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Saturday, August 8, 2015

The Gift 2015 * * * Stars

The GiftDirector: Joel Edgerton
Year: 2015
Rated R
Rating: * * * Stars
Cast: Jason Bateman, Rebecca Hall, Joel Edgerton

Jason Bateman's latest is 2015's The Gift. In truth, it's like nothing you've ever seen him in before. He's volcanic and wouldn't you know it, this marks his best performance to date. Now granted, "Gift" sure ain't no comedy (Jaybird's normal shtick over the last thirty years). It's psychological warfare, a bender of a movie that puts your fragile mind through the ringer. No one (including any audience member) is safe, there's no true protagonist, and despite a ho-hum ending (which won't compel you but make you feel a little sick to your stomach), I would still call it one of the best things to come out this year. For everyone who wants to escape the summer movie standard, just picture this: Two grim, torn up main characters go at it (mano a mano) while a pushover pregnant lady stands as an innocent pawn. Intrigued by my play on words? I sure as heck hope so.

Misled by its trailer (this is not a thriller or a horror exercise but a hard-edged drama), using tons of gifts as props (naturally), and presenting its conflicted narrative right from the get-go, The Gift chronicles one Simon (Jason Bateman). After getting a job promotion as a budding salesman, he moves from Chicago with his Chicago-bred wife (Robyn played by Rebecca Hall), to Southern California where he grew up. He buys a new house (containing lots of glass and mirrors which only add to the visual palate of the director's vision), gets settled in, and has hopes of starting a family despite said wife garnering a previous miscarriage.

In terms of his personality, Simon is a heavy drinker and relatively smarmy (I feel his character may have a little regret bottled up inside). His better half is a former pill popper and overly nice. As they are buying products to spruce up their new abode, a man from Simon's past comes around and talks both of them up (Gordon played by Joel Edgerton). You see, Simon and "Gordo" went to high school (together) over twenty years ago with something fishy going down between them (in a car). I won't give away anything more only to tell you that Gordon continues to make his presence known and the spousal simpletons start to feel a tad uncomfortable. As a moviegoer, you always sense that something troublesome is coming around the corner and that's the rub deeming "Gift's" opening hour highly effective. Essentially, you have a vehicle here that is a revenge vignette (my take is that Gordon wanted to secretly remind Simon that he might have molested "Gordo the Weirdo" a long time ago) and something that exposes the lead role for what he really is (Bateman's Simon was a bully back then and he's still a bully today). In one scene, Gordon proclaims, "you may be done with the past but the past ain't done with you." No kidding.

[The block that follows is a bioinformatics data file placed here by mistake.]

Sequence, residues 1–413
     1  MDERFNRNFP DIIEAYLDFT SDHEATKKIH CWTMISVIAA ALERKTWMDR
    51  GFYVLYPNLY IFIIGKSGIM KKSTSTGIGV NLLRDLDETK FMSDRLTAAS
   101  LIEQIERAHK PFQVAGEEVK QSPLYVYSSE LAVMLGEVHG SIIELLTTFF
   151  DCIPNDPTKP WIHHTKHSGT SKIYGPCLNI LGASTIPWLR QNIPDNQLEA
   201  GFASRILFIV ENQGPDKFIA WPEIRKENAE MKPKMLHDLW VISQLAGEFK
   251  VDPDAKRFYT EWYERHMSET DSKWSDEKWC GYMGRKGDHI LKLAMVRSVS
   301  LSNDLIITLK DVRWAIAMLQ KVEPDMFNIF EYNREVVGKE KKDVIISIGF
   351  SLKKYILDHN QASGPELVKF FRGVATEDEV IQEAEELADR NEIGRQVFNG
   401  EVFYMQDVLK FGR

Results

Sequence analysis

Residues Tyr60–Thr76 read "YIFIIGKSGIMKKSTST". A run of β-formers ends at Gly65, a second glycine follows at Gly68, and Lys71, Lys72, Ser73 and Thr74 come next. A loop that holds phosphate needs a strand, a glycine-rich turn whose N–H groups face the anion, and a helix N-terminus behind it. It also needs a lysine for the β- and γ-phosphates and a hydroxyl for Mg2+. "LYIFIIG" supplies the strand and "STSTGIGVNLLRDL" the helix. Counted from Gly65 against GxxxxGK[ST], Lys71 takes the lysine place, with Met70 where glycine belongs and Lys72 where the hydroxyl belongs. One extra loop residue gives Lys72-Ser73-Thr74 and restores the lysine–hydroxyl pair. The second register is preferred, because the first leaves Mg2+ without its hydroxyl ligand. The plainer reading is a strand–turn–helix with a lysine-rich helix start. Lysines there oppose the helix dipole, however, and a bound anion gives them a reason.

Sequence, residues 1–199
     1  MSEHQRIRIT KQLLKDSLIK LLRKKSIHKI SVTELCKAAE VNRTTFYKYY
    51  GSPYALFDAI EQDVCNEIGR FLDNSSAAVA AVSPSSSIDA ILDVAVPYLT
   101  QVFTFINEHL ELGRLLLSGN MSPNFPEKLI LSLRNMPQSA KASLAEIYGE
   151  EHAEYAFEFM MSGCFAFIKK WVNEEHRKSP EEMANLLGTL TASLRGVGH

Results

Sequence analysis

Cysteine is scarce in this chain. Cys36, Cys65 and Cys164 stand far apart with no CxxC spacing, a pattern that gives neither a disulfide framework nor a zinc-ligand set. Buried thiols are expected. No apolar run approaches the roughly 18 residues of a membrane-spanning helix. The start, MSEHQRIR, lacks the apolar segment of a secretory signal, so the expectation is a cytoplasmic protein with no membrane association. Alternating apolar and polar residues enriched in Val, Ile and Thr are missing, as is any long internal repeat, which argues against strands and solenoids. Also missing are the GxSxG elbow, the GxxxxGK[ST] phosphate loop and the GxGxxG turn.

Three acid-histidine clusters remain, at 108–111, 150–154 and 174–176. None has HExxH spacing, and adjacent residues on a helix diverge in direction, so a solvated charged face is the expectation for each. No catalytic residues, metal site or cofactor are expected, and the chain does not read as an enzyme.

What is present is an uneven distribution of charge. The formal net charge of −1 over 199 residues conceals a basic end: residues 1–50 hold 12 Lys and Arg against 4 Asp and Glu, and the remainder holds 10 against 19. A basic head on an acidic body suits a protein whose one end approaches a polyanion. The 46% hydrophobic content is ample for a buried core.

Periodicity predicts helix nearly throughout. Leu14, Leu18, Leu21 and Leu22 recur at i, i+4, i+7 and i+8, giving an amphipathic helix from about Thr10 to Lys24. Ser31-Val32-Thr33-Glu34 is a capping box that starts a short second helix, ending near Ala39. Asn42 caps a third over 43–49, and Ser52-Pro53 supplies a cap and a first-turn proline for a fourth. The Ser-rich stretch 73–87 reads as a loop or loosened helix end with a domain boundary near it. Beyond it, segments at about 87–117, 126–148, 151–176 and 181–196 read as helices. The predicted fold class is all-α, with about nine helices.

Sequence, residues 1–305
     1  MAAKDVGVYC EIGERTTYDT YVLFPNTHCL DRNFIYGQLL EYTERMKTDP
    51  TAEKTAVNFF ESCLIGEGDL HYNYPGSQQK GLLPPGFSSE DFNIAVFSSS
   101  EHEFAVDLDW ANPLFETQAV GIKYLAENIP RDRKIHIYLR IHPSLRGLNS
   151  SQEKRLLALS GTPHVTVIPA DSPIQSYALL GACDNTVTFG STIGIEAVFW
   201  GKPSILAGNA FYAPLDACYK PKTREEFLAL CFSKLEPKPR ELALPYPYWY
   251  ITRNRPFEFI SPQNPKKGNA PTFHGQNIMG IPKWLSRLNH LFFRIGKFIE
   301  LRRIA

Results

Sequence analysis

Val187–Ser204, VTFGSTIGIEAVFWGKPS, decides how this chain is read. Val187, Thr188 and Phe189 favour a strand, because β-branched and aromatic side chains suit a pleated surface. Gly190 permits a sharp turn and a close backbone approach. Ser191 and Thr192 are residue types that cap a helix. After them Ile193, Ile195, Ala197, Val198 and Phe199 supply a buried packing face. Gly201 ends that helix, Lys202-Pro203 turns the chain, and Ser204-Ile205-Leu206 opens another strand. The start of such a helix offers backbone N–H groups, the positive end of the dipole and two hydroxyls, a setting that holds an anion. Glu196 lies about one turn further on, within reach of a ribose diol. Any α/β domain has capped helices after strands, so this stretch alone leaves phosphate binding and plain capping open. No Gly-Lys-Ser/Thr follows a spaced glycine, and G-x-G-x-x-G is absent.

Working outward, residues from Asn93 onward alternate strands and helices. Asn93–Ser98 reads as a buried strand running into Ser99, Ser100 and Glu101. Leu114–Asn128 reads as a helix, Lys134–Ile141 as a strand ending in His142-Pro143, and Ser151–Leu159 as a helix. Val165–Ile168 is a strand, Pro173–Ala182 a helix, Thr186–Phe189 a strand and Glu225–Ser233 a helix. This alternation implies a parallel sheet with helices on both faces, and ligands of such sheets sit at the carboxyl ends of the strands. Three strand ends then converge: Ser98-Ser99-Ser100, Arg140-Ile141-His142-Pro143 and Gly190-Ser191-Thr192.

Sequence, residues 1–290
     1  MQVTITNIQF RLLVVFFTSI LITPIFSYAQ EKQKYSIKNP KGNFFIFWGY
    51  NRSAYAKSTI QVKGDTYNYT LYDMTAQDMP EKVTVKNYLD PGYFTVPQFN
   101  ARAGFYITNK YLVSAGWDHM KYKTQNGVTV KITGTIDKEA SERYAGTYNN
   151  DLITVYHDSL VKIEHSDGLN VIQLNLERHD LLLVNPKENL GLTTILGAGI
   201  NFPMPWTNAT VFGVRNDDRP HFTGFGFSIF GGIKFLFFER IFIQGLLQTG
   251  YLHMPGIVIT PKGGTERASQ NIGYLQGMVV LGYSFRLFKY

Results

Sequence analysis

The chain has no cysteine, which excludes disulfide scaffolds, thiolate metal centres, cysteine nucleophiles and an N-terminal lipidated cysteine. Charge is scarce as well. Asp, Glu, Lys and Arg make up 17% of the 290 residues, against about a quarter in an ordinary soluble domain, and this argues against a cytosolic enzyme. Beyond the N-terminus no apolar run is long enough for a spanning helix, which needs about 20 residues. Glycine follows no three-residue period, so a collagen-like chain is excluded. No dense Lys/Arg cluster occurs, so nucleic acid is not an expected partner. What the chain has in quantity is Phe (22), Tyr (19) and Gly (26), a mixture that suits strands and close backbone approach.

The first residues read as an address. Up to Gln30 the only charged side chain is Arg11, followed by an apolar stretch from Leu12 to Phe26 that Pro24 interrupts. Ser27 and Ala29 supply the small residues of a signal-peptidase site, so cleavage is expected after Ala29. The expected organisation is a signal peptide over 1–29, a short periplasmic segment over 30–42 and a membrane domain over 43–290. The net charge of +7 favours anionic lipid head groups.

Now I read a review where a critic talked about The Gift coming out of a time capsule circa 1992. Wow, that's dead-on. Consenting Adults, Unlawful Entry, and The Hand That Rocks the Cradle (all released in 92') literally gave me the same vibe. But hey, "Gift" still manages to stand on its own. It's out of the box, it's fornicating, and it burns slowly. It may riff off the aforementioned flicks but that riff is a tribute, a hightail sonnet bent on relishing the concept of taking in a person who's not all there mentally, and letting him/her turn lives upside down. Don't say you weren't warned.

"Gift" is directed by newcomer Joel Edgerton (he mostly acts and has done just two shorts). It's not necessarily scary or horrifying, just eerie. It's also mildly violent yet not bloodcurdling. He shoots the proceedings as if he's channeling some Adrian Lyne stint from the late 80's or early 90's. There's tension throughout but he creates it when it's not really there. Very impressive. In retrospect, you have a solemn tale set in suburban Los Angeles, a smoke and mirrors look that spells dread, and even a homage to 1980's The Shining (room 237, hint hint). Oh and for once, the film score is not filler. It sounds like what great film scores used to project back in the day. For just under two hours, I sat transfixed, salivating for an ending that I knew wouldn't be that great. But let's face it, the journey with The Gift is the high point. Fingernails will be chewed off, your posture will suffice, and bathroom breaks will surely have to wait. 

All in all, I figured you'd expect me to use a metaphor with the title given. Well, here it goes: The Gift as a movie, has a nice bow, a beautiful grade of wrapping paper, and if you shake it, something inside feels like a dream present. You open the present, thank everyone who gave it to you, but feel a tad dissatisfied. No worries, it's still virtually unreturnable. The result: 3 stars.

Written by Jesse Burleson

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